• alpha secretase;
  • Alzheimer’s disease;
  • amyloid β protein;
  • etazolate;
  • GABA;
  • soluble APP ectodomain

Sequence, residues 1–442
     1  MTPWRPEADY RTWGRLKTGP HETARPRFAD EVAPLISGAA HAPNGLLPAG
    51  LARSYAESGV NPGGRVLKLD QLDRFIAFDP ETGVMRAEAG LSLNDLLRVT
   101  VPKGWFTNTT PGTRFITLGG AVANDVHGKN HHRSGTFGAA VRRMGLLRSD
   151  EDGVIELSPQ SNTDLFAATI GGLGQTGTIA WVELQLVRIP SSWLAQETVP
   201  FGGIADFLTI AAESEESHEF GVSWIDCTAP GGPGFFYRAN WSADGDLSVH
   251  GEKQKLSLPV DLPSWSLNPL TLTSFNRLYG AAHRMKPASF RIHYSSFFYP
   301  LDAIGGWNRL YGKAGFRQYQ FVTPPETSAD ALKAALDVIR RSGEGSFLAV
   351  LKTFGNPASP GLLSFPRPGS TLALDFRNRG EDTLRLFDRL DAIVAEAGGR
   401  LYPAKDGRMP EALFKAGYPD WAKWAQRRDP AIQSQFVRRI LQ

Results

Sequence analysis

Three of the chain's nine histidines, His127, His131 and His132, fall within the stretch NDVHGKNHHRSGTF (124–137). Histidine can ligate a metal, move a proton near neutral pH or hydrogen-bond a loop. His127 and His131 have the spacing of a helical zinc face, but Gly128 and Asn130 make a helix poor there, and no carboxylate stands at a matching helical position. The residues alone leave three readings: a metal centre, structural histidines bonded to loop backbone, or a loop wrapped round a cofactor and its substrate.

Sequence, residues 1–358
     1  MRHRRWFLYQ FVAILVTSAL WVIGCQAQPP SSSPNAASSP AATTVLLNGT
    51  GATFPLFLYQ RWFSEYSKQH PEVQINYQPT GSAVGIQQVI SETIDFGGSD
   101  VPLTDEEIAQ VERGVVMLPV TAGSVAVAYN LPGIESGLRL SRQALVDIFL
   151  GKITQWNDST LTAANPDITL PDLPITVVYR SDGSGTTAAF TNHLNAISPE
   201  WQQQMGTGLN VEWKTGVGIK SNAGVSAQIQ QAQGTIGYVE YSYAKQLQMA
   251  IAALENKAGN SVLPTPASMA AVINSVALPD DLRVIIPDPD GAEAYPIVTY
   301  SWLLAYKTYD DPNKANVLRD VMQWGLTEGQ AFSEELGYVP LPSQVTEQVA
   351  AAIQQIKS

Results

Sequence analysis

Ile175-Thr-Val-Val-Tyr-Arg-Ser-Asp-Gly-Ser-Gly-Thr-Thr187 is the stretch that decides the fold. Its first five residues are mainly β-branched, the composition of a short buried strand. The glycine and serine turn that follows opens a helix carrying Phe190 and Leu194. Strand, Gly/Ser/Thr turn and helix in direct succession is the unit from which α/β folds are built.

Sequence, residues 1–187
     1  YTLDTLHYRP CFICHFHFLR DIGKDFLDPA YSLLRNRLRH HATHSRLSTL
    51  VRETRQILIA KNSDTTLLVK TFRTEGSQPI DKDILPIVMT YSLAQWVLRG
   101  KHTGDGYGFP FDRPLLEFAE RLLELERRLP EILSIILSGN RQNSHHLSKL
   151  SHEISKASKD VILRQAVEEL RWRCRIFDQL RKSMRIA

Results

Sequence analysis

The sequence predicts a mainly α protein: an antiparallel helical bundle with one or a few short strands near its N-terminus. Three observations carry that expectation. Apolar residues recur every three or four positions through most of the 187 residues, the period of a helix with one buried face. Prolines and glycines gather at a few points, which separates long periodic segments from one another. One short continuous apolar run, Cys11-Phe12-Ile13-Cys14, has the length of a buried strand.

Pharmacological modulation of the GABAA receptor has gained increasing attention as a potential treatment for central processes affected in Alzheimer disease (AD), including neuronal survival and cognition. The proteolytic cleavage of the amyloid precursor protein (APP) through the α-secretase pathway decreases in AD, concurrent with cognitive impairment. This APP cleavage occurs within the β-amyloid peptide (Aβ) sequence, precluding formation of amyloidogenic peptides and leading to the release of the soluble N-terminal APP fragment (sAPPα) which is neurotrophic and procognitive. In this study, we show that at nanomolar-low micromolar concentrations, etazolate, a selective GABAA receptor modulator, stimulates sAPPα production in rat cortical neurons and in guinea pig brains. Etazolate (20 nM–2 μM) dose-dependently protected rat cortical neurons against Aβ-induced toxicity. The neuroprotective effects of etazolate were fully blocked by GABAA receptor antagonists indicating that this neuroprotection was due to GABAA receptor signalling. Baclofen, a GABAB receptor agonist failed to inhibit the Aβ-induced neuronal death. Furthermore, both pharmacological α-secretase pathway inhibition and sAPPα immunoneutralization approaches prevented etazolate neuroprotection against Aβ, indicating that etazolate exerts its neuroprotective effect via sAPPα induction. Our findings therefore indicate a relationship between GABAA receptor signalling, the α-secretase pathway and neuroprotection, documenting a new therapeutic approach for AD treatment.